Pollution: Coming to a Waterway Near You?

The health of many waterways, from the Chesapeake Bay to the Great Lakes—and the livelihoods, flora, and fauna they support— are in jeopardy. But a new rule expected from the Environmental Protection Agency (EPA) is set to target one of the greatest threats to some of these watersheds: manure from concentrated animal feeding operations (CAFOs).

CAFOs often house thousands of animals and generate tons of manure. That waste is commonly spread on farmland as a nutrient-rich fertilizer, but it often is in quantities too high for crops to use. Because of poor federal controls, those excess nutrients seep into waterways, causing algae blooms and fish kills, and can put human health at risk.

Permits under the federal Clean Water Act (CWA) are the best means of monitoring manure management and preventing problems, but they have been used ineffectively for CAFOs in the Chesapeake region and across the country. Currently  fewer than half of the CAFOs in the United States have permits that would help ensure that manure is managed properly. This must change.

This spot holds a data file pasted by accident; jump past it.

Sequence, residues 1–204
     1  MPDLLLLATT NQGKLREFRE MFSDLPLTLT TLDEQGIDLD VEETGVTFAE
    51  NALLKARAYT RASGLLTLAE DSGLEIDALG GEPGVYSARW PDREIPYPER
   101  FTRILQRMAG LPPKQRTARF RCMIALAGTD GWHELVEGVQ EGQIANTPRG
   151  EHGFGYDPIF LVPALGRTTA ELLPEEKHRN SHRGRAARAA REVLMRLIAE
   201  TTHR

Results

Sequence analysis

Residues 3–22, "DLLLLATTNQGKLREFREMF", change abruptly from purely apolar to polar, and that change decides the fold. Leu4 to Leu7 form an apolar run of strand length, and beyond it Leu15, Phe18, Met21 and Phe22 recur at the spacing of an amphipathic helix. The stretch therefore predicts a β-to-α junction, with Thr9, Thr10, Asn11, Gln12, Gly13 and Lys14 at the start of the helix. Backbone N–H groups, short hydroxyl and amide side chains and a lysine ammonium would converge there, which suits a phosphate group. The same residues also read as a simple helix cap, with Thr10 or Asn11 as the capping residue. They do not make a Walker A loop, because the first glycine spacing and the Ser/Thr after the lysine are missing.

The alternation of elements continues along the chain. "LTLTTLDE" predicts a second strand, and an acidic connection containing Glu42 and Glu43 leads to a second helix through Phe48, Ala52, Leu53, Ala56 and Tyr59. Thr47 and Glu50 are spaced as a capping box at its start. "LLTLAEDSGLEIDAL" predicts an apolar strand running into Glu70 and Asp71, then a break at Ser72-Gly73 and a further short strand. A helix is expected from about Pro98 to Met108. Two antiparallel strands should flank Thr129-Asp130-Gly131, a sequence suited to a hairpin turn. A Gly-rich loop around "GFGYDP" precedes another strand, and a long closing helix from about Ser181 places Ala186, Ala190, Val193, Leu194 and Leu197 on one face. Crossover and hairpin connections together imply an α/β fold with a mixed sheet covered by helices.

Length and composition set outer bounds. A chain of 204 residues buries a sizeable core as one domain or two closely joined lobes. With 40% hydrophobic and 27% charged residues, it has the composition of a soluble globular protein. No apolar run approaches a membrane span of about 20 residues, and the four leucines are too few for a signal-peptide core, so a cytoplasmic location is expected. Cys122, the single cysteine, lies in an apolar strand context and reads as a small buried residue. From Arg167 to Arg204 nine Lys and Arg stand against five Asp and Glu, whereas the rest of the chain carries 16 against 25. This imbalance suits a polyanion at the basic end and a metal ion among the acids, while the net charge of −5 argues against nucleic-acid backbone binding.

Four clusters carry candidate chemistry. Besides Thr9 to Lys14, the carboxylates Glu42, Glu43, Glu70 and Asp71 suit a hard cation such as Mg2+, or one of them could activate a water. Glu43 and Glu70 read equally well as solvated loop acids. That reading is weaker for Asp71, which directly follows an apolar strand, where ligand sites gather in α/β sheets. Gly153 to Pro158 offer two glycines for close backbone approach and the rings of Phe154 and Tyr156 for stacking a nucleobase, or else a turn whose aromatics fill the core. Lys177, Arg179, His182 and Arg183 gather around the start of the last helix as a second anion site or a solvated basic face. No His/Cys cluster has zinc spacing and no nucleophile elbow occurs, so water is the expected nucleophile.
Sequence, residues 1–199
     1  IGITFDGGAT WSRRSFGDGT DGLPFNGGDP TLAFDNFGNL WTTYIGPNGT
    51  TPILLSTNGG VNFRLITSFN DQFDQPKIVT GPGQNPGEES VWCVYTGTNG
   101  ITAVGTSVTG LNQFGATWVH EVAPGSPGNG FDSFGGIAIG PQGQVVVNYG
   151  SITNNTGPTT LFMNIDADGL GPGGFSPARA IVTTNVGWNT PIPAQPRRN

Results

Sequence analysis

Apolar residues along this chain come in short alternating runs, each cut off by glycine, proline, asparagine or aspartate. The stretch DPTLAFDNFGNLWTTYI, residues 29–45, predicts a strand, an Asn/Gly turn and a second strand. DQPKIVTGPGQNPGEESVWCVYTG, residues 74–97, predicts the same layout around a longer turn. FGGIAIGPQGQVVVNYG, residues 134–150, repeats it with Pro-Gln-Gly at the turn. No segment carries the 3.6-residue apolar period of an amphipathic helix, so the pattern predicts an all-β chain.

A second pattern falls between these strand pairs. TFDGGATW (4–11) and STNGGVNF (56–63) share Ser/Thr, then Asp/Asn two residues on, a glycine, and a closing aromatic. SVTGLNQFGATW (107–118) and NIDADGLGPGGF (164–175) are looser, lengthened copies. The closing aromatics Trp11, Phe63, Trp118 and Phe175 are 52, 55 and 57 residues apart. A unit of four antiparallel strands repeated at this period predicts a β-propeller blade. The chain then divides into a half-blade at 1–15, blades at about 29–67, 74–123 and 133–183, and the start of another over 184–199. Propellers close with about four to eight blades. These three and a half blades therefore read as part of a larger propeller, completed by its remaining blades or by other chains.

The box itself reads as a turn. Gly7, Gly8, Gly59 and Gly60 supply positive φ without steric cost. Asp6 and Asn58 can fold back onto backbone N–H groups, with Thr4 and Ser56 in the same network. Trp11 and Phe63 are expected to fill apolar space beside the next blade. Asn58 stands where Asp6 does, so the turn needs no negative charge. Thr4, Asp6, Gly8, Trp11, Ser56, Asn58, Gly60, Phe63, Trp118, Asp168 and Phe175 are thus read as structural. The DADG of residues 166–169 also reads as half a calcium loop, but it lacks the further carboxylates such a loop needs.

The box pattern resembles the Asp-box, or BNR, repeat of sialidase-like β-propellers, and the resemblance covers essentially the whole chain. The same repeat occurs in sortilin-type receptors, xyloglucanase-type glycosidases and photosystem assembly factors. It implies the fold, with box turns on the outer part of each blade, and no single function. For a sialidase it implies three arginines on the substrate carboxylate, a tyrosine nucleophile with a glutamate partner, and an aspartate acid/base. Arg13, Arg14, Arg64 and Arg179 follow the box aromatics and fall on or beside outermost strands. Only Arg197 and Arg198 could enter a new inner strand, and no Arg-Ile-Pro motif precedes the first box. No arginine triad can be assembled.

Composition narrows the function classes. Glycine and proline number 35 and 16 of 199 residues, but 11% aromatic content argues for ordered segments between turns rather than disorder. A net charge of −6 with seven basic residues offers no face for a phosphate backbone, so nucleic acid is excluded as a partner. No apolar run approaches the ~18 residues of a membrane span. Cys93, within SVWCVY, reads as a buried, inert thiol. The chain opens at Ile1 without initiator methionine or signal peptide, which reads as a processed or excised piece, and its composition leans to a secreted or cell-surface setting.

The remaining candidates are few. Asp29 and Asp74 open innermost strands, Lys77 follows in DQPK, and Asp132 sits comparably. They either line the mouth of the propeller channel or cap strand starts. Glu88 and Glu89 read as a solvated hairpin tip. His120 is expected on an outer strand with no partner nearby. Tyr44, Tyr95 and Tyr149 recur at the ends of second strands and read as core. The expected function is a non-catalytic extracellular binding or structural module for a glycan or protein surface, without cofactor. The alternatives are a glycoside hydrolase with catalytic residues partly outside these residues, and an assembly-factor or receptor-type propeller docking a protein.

The EPA is considering  a new  rule to help control CAFO pollution nationwide. Such a rule, requiring more CAFOs to obtain CWA permits and to take responsibility for proper management of all the manure they generate, would significantly help to improve the health of many waterways and ensure that all pollution sources do their share to clean up. 

Click on the images below to see what Americans are saying about CAFO pollution and why action must be taken now to stop it. Then visit www.CAFOpollution.org to find out what you can do to help move this rule forward. 

Andrew BellDale CliftonDonna WitmerEd Gorrell
Gretchen HansonGene ReedJonathan AtwoodLarry and Vickie Askins
Lynn HenningRob DickRon PillingSybil Cypress
Tyler Smith   

 

 

 


Andrew Bell

Andrew Bell

“The Chesapeake Bay is absolutely central to the livelihood and culture of our region, and as a kid, I explored its rivers and marshes. For that reason, I am, as a small farmer, proud to be part of the local foods movement in our region. I recognize the challenges of larger-scale agriculture, but I believe a strong CAFO regulation will help allow the bay to thrive again. I would love to leave the bay better than we found it for future generations.” — Andrew Bell, Owner, Manna Organic Farm, Seaford, DE


Dale W. Clifton

Dale Clifton